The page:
2009 Nissan GT-R Long-Term Road Test


2009 Nissan GT-R: Tire Surprise

September 25, 2009

gtr low tire pressure 800.jpg

Yesterday, a low tire pressure light flashed up in our long-term 2009 Nissan GT-R's instrument cluster. I punched up the tire pressure display to determine the offending tire. Okay, left rear. I looked for a nail and found a small one in the middle of the tread. Yay for technology.

But I checked the other tires, you know, just in case. That's when this tire check got a lot more exciting.

Here's the inside of the left front tire:

gt-r drivers tire cords 800.jpg

Same location, right front tire:

gtr pass tire cords 800.jpg

It's understandable that nobody had spotted these cords yet, as the outer tread blocks are in relatively decent shape. The GT-R is so low and the tires so wide that you really have to go out of your way to see this part of the tire.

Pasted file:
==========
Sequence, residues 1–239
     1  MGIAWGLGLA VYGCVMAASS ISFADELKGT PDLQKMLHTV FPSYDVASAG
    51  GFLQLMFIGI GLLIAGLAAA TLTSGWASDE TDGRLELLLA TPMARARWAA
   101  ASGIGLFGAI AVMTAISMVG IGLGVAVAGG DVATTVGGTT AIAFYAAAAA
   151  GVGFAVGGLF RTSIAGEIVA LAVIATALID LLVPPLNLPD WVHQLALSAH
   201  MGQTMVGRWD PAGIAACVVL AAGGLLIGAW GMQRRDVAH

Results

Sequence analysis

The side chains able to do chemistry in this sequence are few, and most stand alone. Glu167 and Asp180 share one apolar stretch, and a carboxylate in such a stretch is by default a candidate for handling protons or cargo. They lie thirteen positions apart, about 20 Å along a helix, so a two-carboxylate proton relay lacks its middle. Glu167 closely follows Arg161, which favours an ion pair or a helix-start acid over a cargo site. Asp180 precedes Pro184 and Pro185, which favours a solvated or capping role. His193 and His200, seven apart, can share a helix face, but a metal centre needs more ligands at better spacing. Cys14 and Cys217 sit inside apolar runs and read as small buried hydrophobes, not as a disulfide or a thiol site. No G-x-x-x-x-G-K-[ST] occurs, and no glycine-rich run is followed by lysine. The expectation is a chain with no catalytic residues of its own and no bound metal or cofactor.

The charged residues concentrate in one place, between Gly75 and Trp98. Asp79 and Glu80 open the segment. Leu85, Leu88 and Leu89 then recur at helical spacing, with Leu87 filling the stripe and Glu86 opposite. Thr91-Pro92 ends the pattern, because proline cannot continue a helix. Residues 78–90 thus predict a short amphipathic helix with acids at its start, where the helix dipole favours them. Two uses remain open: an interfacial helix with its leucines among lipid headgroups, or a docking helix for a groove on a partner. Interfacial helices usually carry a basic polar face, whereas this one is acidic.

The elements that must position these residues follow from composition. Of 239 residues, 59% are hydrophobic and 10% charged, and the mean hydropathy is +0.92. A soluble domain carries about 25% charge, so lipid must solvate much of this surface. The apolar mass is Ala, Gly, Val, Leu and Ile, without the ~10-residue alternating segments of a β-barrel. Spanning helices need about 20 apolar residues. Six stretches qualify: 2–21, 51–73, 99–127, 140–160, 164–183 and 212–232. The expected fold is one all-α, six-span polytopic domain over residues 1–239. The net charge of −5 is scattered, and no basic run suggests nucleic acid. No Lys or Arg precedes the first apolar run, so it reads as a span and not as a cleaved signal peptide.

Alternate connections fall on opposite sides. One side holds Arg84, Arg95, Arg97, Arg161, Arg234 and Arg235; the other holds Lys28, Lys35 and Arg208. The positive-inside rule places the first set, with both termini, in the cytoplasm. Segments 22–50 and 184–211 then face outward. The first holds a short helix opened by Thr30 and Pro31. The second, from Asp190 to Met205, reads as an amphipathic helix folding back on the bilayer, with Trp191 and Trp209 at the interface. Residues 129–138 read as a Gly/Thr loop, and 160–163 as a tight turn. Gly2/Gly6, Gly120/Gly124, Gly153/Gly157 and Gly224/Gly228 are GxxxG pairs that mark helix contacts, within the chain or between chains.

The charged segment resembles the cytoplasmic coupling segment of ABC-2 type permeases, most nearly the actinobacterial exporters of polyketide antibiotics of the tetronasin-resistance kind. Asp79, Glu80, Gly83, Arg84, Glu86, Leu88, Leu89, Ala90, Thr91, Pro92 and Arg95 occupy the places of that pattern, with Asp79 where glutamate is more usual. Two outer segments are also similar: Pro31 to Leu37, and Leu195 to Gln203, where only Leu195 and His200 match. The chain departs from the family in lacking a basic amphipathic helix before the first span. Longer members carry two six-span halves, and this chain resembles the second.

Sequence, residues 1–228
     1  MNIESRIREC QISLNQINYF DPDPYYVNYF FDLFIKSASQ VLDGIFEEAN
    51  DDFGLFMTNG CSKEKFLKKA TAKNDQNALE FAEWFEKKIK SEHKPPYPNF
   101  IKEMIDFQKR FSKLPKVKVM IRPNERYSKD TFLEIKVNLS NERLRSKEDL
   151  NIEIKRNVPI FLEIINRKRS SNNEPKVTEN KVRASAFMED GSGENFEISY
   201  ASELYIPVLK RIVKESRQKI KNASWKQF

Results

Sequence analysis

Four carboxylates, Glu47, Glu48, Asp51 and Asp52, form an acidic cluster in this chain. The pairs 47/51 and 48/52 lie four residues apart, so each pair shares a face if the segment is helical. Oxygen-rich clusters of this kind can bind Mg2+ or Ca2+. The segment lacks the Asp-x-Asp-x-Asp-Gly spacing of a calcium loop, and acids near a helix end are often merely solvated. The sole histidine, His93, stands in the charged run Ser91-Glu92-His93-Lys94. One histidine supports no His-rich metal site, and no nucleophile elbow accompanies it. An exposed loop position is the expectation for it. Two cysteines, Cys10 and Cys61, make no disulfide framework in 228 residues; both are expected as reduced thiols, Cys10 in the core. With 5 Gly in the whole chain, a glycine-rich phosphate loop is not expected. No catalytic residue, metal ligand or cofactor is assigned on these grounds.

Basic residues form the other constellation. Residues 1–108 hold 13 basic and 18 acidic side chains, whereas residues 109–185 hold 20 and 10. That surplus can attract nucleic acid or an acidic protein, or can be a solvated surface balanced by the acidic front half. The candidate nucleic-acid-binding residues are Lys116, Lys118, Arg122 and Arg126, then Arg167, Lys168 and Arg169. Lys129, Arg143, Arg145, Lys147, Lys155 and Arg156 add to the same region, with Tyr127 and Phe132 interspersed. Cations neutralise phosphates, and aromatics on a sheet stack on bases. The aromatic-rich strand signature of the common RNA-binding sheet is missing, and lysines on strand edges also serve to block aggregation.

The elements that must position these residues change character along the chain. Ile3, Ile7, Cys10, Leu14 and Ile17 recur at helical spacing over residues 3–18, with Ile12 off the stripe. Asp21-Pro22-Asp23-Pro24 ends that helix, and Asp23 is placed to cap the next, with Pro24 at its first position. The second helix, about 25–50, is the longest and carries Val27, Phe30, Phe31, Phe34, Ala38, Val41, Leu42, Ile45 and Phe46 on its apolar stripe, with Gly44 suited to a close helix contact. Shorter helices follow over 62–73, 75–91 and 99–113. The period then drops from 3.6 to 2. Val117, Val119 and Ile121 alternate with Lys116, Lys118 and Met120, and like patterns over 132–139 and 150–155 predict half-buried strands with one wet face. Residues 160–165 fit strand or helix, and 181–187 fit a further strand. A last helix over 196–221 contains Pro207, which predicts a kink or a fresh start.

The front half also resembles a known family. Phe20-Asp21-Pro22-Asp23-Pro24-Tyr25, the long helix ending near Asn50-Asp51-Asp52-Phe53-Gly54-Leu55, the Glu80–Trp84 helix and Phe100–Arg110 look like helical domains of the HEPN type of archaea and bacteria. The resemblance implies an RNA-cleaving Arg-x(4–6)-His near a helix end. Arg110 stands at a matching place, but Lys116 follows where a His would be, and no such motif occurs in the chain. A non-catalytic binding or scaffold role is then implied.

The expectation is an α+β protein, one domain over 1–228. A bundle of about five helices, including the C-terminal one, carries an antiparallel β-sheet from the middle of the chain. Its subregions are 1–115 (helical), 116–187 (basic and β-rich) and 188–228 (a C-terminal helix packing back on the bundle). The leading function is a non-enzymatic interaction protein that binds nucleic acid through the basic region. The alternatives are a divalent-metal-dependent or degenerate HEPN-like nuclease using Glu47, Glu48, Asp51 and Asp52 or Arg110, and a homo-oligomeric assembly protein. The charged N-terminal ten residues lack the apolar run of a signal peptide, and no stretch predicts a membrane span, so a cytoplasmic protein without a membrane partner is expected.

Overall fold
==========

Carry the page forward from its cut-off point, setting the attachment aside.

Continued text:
Our GT-R has the "performance" alignment that increases the front negative camber and adds some toe out. This will tend to increase grip at the expense of tire life.

It's been about 13,500 miles since we last replaced the front tires, which falls right into the 12k-15k mile life that our friendly local Nissan engineer has observed with this alignment.

Funny, because when the low pressure light first flicked on, I immediately assumed the low tire was one of the fronts--I had earlier observed the GT-R's steering behaving a bit more finicky/darty over pavement surface aberrations than usual (it tends to sniff out cambers even when the tires have full tread depth). The cords explain what I observed from behind the wheel.

Jason Kavanagh, Engineering Editor @ 29,767 miles.

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The Edmunds TCO® estimated monthly insurance payment for a 2009 Nissan GT-R in VA is:

$151 per month*
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